Just before Christmas, my younger cousin, Rebecca, was diagnosed with breast cancer. She’s healthy and energetic, and she has a perfect, beautiful 16-month old little boy, Charlie. Rebecca and I probably weren’t the closest as children; her brother Rob and I are the same age, so our interests were typically more aligned. Rebecca is two years younger than Rob and I, and even though that age difference is practically non-existent now, it seemed more significant then. We became much closer during college though, so much so that our Grandmama spoke often about how happy it made her for us to be friends as well as cousins. We christened ourselves “cousin-friends," and well, I could never have imagined how meaningful and important that hybrid relationship would become, not only with Rebecca, but also with my other cousins with whom I am blessed to share friendships. Of course, I’m sure Grandmama knew; hence, her happiness.
Rebecca shares many traits with our Grandmama, and mostly, it’s the ones that I strive to emulate but never quite master: her reserved determination, her limitless kindness, and her ability to turn just about anything into a story. My most favorite memories of our college years are the times she cooked spaghetti (with Worcestershire sauce) and the time that we played Chinese fire drill in front of the Alabama Theater so that I could parallel park her car. These may not seem like major life events, but let me tell you, mention either of them to us, and I guarantee we’ll laugh… a lot.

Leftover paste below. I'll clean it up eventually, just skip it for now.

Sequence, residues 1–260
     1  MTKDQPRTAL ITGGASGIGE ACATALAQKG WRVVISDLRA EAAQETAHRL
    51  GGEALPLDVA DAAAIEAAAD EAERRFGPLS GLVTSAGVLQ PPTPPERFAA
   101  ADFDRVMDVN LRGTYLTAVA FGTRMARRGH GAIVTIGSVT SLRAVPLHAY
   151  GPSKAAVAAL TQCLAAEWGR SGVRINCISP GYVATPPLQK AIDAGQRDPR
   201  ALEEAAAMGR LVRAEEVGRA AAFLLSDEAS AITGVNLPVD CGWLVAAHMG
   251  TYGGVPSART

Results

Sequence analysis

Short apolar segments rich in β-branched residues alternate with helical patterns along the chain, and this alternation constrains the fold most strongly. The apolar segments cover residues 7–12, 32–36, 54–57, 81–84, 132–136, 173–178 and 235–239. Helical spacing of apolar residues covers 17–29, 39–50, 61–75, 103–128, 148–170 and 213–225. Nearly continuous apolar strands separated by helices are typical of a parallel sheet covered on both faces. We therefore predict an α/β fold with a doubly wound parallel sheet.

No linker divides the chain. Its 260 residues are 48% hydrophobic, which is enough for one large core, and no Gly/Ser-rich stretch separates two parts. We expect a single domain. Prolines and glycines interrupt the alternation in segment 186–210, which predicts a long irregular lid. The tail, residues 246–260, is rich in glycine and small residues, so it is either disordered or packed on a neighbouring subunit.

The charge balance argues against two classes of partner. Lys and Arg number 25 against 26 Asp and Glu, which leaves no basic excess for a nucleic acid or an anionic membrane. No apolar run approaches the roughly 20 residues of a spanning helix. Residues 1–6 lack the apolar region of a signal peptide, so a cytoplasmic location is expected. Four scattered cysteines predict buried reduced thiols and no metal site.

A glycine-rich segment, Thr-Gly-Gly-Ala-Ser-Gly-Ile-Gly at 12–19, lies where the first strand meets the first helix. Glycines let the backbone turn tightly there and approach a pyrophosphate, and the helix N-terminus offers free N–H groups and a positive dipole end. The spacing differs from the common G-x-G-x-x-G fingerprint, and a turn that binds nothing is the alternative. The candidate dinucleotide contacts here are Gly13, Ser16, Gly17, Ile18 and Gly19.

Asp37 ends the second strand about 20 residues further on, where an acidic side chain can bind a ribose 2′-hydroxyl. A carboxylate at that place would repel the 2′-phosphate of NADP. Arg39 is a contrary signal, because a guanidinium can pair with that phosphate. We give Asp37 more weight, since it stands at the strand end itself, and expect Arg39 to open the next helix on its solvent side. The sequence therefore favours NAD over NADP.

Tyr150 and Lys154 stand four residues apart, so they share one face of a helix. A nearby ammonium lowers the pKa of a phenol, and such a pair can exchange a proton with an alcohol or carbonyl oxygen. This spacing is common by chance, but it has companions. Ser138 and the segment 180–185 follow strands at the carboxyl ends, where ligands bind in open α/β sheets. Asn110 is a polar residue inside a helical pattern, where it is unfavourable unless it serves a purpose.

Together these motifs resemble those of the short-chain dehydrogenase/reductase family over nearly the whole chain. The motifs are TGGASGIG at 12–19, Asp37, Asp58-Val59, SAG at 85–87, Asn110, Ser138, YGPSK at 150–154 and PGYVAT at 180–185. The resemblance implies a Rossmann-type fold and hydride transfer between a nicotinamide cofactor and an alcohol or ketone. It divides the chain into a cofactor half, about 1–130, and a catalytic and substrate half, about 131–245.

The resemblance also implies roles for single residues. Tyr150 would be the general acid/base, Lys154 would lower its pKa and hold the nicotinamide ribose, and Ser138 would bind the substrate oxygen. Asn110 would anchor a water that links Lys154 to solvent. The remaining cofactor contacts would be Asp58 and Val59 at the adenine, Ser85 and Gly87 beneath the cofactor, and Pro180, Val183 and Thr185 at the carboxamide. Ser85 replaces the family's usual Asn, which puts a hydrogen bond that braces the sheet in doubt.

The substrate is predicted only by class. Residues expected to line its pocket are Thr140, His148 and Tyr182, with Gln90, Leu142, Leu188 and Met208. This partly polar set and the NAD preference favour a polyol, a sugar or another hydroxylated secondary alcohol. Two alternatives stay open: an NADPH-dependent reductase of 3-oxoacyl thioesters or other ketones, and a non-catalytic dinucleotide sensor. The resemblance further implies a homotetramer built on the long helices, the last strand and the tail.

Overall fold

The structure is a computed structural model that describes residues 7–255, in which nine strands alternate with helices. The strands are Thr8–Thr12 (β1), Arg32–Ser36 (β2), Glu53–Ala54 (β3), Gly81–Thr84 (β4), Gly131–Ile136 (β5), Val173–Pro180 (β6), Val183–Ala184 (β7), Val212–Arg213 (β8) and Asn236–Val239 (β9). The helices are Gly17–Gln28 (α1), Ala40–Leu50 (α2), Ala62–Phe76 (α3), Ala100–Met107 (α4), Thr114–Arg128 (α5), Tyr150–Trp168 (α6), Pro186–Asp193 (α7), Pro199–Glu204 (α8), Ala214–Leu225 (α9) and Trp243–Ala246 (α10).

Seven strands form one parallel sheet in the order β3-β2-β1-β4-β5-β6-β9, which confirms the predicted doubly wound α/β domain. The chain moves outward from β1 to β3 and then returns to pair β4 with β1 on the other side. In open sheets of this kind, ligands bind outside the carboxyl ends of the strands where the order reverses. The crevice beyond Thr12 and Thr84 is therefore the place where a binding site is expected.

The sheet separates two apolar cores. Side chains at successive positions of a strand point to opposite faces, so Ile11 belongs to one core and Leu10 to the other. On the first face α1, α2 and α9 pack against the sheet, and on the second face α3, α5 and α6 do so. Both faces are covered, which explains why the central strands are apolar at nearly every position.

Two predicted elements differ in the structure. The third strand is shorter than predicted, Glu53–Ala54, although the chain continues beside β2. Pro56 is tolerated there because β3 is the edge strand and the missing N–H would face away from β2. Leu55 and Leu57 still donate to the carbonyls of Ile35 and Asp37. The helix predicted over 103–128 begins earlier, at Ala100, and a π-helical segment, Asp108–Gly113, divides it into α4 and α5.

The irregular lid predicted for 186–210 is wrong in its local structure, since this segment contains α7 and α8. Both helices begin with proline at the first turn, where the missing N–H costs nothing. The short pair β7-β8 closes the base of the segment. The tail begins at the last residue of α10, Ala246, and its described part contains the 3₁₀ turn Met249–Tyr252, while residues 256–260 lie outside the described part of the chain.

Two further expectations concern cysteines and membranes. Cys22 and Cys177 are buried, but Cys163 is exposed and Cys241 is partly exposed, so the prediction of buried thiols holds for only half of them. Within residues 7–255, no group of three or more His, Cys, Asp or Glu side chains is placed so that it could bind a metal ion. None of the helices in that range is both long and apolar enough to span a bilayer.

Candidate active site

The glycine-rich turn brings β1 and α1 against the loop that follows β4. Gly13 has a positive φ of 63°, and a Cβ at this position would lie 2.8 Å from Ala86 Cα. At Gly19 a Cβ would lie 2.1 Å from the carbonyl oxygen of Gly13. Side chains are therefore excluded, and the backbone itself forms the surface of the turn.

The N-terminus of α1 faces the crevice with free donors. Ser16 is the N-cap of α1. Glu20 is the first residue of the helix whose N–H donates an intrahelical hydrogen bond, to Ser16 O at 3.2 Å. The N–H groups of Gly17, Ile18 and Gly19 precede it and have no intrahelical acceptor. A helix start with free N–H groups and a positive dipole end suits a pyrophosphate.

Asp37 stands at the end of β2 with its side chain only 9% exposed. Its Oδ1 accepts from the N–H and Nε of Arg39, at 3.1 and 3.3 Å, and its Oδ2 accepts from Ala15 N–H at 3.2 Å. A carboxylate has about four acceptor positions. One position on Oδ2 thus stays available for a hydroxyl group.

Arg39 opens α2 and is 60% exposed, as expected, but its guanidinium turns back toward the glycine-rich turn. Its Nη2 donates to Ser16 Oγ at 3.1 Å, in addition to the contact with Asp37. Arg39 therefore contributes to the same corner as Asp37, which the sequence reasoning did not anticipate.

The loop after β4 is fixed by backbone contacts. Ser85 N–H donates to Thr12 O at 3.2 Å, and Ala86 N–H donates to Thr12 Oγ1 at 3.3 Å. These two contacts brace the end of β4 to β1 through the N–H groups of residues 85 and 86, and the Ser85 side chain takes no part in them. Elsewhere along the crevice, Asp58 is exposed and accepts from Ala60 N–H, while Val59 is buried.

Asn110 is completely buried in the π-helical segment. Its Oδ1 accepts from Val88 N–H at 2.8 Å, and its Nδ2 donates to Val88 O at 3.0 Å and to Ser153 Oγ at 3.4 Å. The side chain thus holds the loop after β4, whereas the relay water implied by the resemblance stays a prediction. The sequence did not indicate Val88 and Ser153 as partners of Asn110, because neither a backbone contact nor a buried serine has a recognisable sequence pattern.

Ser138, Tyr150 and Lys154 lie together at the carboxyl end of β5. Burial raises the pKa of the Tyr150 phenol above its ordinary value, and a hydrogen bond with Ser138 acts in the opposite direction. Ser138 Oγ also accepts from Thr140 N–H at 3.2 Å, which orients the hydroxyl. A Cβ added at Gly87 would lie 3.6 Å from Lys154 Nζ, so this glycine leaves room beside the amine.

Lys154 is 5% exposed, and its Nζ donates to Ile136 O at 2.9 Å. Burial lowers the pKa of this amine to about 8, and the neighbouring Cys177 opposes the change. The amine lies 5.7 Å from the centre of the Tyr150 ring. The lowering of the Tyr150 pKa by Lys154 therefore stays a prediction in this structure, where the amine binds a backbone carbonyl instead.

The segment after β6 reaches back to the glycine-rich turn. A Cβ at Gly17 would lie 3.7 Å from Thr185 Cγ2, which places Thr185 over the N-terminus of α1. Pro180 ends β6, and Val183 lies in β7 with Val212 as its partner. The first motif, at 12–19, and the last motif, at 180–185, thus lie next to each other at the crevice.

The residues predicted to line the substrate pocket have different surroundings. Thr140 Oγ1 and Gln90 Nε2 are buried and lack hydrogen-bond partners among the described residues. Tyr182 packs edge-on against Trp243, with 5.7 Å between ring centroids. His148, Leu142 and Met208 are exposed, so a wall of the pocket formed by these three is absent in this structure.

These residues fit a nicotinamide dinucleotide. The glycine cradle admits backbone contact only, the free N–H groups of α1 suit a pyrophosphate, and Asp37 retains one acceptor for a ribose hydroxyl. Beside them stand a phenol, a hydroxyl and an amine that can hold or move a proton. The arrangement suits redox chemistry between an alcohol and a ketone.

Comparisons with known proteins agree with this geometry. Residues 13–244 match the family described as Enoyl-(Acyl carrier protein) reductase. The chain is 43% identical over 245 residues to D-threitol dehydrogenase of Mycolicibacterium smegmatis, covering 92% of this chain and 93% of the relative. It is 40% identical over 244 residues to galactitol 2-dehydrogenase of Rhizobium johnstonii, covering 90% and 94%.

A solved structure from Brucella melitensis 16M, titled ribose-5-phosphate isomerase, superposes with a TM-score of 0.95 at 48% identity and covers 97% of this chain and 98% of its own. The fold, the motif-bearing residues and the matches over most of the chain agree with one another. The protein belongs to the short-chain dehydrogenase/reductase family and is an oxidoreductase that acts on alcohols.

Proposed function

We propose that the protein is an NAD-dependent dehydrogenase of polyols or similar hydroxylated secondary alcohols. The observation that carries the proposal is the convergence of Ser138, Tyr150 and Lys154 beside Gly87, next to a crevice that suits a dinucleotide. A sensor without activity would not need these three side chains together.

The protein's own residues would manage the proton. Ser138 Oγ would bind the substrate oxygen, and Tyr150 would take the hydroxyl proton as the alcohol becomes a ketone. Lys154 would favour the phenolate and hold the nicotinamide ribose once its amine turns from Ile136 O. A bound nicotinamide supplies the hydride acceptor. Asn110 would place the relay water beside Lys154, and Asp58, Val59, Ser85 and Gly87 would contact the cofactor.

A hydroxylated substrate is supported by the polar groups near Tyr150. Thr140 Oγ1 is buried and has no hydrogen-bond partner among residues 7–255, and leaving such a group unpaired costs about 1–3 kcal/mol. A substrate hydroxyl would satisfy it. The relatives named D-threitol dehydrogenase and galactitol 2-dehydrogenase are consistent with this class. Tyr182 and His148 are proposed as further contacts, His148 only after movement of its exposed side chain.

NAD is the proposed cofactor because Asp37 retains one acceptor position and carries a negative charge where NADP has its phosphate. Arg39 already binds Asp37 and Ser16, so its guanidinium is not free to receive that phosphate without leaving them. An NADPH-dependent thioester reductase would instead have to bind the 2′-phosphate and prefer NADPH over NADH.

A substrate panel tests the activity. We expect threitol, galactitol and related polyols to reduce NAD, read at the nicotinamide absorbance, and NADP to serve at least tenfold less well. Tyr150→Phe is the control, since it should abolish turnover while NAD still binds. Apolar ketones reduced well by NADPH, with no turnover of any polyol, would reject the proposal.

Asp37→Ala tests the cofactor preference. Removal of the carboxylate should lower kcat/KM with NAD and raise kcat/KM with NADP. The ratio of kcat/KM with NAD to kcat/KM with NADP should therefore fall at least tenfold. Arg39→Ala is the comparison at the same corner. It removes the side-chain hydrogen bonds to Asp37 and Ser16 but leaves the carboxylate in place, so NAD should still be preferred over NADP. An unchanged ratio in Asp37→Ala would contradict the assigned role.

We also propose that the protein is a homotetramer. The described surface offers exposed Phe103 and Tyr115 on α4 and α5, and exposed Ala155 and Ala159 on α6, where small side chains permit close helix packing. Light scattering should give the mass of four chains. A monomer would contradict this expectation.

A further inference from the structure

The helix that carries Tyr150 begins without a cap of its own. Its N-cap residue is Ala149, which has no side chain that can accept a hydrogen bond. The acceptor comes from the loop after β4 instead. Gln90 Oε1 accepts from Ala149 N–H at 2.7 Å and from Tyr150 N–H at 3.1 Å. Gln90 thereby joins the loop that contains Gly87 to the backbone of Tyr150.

Rebecca had a double mastectomy the day after Christmas, and just this week, she had her first of eight biweekly chemo treatments. I am in awe of her strength and positivity, though I suppose I am not really all that surprised by it. She’s always been the funny one, the sweet-spirited mischief maker, the little girl who always wanted to make people laugh and who grew up to become a young woman who always manages to find the good in everyone. Since her diagnosis, Rebecca has spoken frequently to acknowledge the power of prayer and to ask that her friends and family join in praying for her healing; she has repeatedly voiced her confidence in God’s ability to heal. She doesn't complain, and almost never mentions fear or worry, and to me, this has been perhaps her greatest testimony.
Ephesians Chapter 3 has been on my mind quite a bit lately. It was written by Paul while he was in prison, and during this time of struggle, Paul writes not about his physical suffering but instead about God’s righteousness and faithfulness. Isn’t that incredible?
I haven’t figured out God’s ultimate purpose in putting Rebecca through this awful ordeal — putting all of us through it — and it’s probably not for me to know or understand anyway. I am certain, however, that I have learned a lifetime’s worth of lessons about grace, gratefulness, faith, courage, and humility.
"Now to Him who is able to do immeasurably more than all we ask or imagine, according to His power that is at work within us, to Him be glory in the church and in Christ Jesus throughout all generations, for ever and ever! Amen."
I love you, Becca.